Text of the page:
Put aside the idea that a valley is flat and smooth and easy to walk. In life, it can be easy to feel trapped in the valley.
In a valley, you can’t see even a hint of your destination. Surrounded by high mountain peaks, you just have to keep walking, keep moving and hope that you’re headed in the right direction.
Despite the difficulty in getting there, being on top of the mountain brings strength and surety. From the top of the mountain, the view extends for miles. The lay of the land is clear, and sometimes even the destination is within sight. A plan can be made to find a way to get there.
On the top of the mountain, there is clarity and optimism.
In the valley, there is insecurity and doubt.
In raising Toby, I find myself often in the valley, while occasionally reaching the summit and getting clear view of the future.
Sometimes I feel confident. I feel assured. I feel certain that he will successfully reach his full potential, and live a happy life that is meaningful to him.
Other times, I feel stuck. Dealing with an obstacle or problem, I have to keep my head down and power through, hoping that we can make it. We walk through the night while a voice in the back of my mind wonders if we really ever stood a chance.
Yet in the valley, there is one thing I can cling to when the worries and doubts cloud my mind and press heavy on my heart.
I know we can get there. I know it can be done. I saw it. So clear, so tangible, so attainable.
I saw it from the mountain.
Bright and hopeful in the distance, I saw it. The road, though littered with obstacles, is passable.
Lately, I’ve been feeling a deep-seated need to focus on the positive. There is so much sadness and difficulty that comes with having a child with autism. The heartbreak in the extra measure of challenge that your child faces that other children do not. The sorrow you feel sit heavily on your heart as you watch your child struggle to interact with other kids. The knot in your stomach when you hear another child say words that are unknowingly unkind.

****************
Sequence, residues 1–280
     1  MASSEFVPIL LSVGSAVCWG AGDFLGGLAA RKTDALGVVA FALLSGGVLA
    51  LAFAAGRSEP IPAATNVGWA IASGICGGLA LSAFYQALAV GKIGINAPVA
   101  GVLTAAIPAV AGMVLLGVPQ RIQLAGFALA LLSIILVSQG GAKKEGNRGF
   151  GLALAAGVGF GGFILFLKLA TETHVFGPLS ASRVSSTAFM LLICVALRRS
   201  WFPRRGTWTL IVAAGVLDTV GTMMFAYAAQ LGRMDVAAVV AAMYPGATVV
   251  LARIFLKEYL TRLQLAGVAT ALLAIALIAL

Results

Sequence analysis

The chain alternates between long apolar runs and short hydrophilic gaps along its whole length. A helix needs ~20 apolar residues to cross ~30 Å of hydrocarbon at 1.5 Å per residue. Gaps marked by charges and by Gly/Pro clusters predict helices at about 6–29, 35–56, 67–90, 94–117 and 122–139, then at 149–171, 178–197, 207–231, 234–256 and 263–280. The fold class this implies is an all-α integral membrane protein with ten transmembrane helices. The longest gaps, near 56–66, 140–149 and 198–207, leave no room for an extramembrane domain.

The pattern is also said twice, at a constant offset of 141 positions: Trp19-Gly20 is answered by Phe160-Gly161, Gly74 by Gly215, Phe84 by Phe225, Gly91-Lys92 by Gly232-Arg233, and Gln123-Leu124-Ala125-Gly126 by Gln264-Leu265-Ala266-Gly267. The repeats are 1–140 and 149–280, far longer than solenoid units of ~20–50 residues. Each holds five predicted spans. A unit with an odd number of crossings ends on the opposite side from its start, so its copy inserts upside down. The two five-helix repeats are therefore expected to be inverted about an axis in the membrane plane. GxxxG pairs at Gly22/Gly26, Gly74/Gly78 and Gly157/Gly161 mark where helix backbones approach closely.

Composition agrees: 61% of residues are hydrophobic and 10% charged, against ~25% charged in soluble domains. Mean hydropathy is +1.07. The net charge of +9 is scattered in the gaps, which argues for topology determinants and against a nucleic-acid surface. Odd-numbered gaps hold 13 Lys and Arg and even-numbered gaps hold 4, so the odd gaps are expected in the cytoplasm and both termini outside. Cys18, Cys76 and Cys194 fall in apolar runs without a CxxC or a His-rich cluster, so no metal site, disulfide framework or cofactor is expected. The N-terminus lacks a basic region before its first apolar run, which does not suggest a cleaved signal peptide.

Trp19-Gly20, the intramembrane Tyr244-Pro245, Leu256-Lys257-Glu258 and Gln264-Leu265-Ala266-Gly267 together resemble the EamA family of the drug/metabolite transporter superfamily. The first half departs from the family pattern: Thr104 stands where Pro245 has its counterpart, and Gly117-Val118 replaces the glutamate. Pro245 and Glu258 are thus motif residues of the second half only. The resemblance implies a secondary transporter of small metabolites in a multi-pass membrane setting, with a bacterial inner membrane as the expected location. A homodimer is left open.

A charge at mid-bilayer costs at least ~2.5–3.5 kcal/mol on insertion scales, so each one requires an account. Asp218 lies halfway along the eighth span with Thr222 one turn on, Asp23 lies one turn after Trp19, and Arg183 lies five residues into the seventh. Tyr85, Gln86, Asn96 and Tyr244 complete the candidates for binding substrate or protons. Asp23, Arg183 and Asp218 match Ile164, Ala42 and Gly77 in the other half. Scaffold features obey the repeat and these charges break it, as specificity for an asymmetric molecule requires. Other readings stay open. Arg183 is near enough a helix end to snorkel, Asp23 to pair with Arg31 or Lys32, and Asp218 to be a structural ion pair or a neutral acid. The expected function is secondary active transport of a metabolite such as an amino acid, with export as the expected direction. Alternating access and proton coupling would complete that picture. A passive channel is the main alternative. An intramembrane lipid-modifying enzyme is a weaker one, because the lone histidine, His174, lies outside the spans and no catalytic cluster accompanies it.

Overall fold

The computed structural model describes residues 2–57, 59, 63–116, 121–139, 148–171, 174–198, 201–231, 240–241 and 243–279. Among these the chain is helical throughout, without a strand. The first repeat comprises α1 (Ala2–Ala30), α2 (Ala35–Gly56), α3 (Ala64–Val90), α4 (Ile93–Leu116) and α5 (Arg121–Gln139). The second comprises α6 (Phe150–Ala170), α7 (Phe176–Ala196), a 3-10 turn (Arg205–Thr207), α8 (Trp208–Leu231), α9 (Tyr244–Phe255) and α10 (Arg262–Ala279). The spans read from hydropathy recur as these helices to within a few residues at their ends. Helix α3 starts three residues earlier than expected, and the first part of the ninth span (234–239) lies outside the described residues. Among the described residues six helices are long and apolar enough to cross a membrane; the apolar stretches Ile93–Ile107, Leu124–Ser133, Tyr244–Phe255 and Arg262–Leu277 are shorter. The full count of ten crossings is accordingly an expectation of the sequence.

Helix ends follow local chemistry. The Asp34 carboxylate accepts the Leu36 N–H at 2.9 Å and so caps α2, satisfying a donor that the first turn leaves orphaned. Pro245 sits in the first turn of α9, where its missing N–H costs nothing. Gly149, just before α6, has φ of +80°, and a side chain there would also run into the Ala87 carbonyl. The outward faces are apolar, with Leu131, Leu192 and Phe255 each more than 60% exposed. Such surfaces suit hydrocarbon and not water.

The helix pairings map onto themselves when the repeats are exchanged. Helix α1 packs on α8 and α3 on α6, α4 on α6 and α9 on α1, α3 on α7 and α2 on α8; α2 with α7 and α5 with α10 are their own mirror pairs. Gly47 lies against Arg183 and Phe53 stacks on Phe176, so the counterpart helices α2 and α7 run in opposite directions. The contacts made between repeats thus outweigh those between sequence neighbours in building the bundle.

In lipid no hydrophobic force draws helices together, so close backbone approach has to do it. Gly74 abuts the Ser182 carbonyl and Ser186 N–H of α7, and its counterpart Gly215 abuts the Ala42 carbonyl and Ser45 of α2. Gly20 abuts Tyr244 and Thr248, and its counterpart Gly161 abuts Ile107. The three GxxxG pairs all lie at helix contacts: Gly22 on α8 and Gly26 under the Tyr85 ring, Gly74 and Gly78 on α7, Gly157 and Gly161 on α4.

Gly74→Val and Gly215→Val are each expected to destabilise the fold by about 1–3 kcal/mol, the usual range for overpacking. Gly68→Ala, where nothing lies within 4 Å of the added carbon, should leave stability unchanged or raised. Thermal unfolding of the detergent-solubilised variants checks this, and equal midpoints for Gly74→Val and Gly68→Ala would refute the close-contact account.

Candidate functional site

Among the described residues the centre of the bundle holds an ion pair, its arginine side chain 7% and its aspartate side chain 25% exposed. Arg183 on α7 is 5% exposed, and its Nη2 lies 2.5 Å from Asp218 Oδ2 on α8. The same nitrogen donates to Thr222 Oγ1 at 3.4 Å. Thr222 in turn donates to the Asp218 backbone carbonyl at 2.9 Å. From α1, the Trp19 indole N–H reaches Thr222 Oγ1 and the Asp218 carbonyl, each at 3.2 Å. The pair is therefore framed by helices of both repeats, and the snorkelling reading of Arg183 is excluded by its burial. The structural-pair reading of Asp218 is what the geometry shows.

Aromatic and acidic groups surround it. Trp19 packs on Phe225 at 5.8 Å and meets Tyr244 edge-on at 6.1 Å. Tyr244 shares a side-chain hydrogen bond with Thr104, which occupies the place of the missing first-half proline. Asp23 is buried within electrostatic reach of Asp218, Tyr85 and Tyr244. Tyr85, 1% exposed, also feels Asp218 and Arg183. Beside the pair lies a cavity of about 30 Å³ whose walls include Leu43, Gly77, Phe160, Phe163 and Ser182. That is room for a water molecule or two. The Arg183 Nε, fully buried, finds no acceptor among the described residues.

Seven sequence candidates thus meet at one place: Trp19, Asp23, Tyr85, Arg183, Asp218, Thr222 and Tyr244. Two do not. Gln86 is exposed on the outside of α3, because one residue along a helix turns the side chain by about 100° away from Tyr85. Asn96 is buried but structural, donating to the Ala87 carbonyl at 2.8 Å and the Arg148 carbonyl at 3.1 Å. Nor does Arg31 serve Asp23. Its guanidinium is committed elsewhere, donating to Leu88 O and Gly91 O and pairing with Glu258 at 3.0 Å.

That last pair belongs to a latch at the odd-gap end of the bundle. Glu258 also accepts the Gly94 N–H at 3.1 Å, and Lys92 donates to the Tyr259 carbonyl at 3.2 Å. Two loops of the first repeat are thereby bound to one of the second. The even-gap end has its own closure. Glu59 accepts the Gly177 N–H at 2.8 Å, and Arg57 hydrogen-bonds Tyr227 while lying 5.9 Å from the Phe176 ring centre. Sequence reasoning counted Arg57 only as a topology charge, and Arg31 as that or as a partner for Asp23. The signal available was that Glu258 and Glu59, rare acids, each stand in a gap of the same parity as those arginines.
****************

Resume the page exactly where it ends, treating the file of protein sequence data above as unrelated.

Yet buried beneath this heaviness, is a special brand of joy.
There is a unique and indefinable quality that special needs kids have. Something that makes them such a pleasure to be around, to watch them as they learn and grow. Seeing a child with extra challenges beat the odds and learn a vital skill gives a joy and satisfaction that cannot be duplicated.
Our son Toby was blessed with a unique personality that draws people to him. He is likely the most enthusiastic little boy you will ever meet.
He gets so excited about the little things, like taking the dog for a walk, or pancakes for breakfast. It’s contagious too; most people that meet him can’t help but smile. Even if they don’t understand what he’s saying, they still pick up on his inner exhilaration.
Give my boy a Star Wars toy, and he will be over the moon with the kind of excitement that we only see in lottery winners and adrenaline junkies.
The distinct kind of happiness that comes from a child with autism or other special needs does not, however, diminish the enjoyment of children who are neurotypical. I have one child from each of these worlds in my home and I find that they complement each other wonderfully. They love, teach, and help each other.
Despite the hard things about having a child with autism, there is still much to be enjoyed. We are parents of special needs children– and they are truly, genuinely special.
Never mind his ugly bulbous face and his stupid smirk. I have much deeper reason for my detestation of Mr. Potato Head.
Mr. Potato Head told me my son was autistic.
The way Toby played with Mr. Potato Head was non-functional. From a very young age, he would stim with the individual pieces. He’d wave them around while humming in monotone, and not put them into the face at all, let alone the right slots. Before his diagnosis, I didn’t know what he was doing. I thought he had some really interesting scenarios going on inside his head. I didn’t know he was getting lost in his own mind.
When we began to be concerned about Toby’s development, one of the doctors we saw asked me, “How does he play with toys?”
I thought of Mr. Potato Head.
The doctor frowned when I told her, and mentioned the word “autism” in relation to my son for the first time. When we finally got in to see a specialist, Mr. Potato Head came up again. Another tally against Toby. The final thing that put us over the cliff where we landed in a big fat pile of autism information packets.
Still, I tried not to hold it against Mr. Potato Head. After all, it wasn’t personal. We kept him. For over a year after Toby’s diagnosis I kept him, trying and hoping that he would learn to play with him appropriately. I wanted victory over his vegetable face. But one day, I snapped.
I gathered up all of those staring eyes, seriously rude stuck-out tongues, oval noses and black bowler hats. And I put them in a plastic bag and sent them to Goodwill.